You reach a mirror and recoil in horror at yourself. Your face has melted, the skin gathered in on itself to form long, looping tendrils around you nose and mouth. You try to scream, but you cannot – the tendrils themselves coil of their own volition. You reach out to the mirror and your reflection touches you as well, but it reaches through the mirror and grasps you by the wrist, seeking to pull you inside. You awaken in a cold sweat.

Please make a SAN Check

Virginia Frink’s Dream

You are in an old house. Belonging to your parents? You are not quite sure. It’s night, and the ocean thunders outside, and you know without looking that the house is up on a cliff (your parents’ house was nowhere near the shore). There are shouts outside, but you know (someone warned you?) not to look out the windows. The sound of the surf grows louder, and with it the groaning of ancient timbers under sail, and the shouts grow louder as well.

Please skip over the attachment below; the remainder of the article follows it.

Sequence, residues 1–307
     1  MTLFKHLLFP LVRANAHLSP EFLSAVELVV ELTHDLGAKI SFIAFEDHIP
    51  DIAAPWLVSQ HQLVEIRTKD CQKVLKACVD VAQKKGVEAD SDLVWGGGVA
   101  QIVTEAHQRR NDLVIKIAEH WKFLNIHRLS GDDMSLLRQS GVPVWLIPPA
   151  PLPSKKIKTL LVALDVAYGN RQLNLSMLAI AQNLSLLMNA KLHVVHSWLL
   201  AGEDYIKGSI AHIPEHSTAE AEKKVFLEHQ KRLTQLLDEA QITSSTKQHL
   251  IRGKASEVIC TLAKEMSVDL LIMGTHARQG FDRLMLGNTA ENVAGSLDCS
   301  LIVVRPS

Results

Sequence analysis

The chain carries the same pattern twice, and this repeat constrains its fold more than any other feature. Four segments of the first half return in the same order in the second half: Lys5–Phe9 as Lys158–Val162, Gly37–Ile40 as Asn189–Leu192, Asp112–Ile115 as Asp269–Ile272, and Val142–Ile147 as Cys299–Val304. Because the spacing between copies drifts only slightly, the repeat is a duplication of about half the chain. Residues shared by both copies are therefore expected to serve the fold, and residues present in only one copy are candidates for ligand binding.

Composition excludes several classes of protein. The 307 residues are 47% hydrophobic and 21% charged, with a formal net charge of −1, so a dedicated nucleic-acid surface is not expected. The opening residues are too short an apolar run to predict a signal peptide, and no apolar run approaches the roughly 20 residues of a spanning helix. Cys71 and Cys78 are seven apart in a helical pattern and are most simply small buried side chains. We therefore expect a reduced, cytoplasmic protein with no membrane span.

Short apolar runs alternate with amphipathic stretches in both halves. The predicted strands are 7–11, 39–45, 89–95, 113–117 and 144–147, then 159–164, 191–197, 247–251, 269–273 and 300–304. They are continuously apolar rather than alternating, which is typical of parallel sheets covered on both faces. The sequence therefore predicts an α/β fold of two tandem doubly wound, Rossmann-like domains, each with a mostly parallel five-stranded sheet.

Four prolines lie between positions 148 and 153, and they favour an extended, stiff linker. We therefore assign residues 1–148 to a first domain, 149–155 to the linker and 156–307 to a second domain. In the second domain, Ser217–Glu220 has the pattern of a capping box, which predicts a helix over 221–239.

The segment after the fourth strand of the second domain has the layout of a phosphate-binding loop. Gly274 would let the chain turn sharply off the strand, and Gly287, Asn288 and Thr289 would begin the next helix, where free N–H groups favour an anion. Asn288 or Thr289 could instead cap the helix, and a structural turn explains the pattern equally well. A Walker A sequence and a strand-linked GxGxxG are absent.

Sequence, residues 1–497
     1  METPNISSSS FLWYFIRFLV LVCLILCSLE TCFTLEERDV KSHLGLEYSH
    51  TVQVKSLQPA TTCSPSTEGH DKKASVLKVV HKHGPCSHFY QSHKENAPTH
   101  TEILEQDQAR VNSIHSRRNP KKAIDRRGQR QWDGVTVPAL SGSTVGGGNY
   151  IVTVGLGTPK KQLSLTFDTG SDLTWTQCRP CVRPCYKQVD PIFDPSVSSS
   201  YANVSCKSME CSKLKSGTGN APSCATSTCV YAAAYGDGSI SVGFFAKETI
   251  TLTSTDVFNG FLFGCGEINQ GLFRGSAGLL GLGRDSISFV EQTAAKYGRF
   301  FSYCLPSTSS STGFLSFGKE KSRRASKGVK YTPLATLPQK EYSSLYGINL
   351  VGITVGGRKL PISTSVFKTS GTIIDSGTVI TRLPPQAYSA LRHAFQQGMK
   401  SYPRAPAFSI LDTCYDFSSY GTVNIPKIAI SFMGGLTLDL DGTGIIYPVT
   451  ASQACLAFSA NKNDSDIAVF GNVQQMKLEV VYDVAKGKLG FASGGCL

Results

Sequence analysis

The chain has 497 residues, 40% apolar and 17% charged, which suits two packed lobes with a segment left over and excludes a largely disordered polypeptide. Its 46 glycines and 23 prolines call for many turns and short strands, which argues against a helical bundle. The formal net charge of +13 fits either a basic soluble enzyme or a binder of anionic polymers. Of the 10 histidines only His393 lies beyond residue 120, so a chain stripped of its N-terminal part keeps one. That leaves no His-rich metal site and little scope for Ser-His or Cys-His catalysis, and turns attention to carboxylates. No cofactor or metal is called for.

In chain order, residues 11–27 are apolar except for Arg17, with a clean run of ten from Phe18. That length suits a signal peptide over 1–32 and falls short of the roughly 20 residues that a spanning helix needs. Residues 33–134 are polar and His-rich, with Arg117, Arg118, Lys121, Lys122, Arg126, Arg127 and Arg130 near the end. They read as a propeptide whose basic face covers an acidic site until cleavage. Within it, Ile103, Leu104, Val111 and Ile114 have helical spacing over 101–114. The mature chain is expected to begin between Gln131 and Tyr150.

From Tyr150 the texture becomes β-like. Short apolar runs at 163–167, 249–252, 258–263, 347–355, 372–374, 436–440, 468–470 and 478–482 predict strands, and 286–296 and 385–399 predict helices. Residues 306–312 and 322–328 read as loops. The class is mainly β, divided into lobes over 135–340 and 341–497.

You finally look out the window to see a great sailing ship breaking up on the rocks. The crew is abandoning it, and other dark figures are swarming over it like ants, killing the seamen they encounter and shredding the sails. Behind the wrecked ship is a great wave rising out of the ocean, a single pinnacle of water streaming off all sides.

Then the wave parts and reveals the tip of a huge leathery wing, the ocean itself draining off its flesh. The creature it belongs to, some massive dragon, turns towards you and you sudden awaken.

Please Make a SAN check.

Skip Cavanaugh’s Dream